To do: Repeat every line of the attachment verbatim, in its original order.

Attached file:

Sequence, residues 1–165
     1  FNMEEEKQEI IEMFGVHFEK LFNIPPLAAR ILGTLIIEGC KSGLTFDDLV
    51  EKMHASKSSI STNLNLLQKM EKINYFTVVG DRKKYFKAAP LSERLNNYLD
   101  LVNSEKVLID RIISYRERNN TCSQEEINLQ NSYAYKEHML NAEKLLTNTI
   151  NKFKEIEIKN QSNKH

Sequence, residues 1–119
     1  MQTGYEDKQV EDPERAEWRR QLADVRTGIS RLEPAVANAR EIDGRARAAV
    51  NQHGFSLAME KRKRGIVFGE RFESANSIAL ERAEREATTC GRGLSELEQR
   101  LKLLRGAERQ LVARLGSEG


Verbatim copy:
Sequence, residues 1–165
     1  FNMEEEKQEI IEMFGVHFEK LFNIPPLAAR ILGTLIIEGC KSGLTFDDLV
    51  EKMHASKSSI STNLNLLQKM EKINYFTVVG DRKKYFKAAP LSERLNNYLD
   101  LVNSEKVLID RIISYRERNN TCSQEEINLQ NSYAYKEHML NAEKLLTNTI
   151  NKFKEIEIKN QSNKH

Sequence, residues 1–119
     1  MQTGYEDKQV EDPERAEWRR QLADVRTGIS RLEPAVANAR EIDGRARAAV
    51  NQHGFSLAME KRKRGIVFGE RFESANSIAL ERAEREATTC GRGLSELEQR
   101  LKLLRGAERQ LVARLGSEG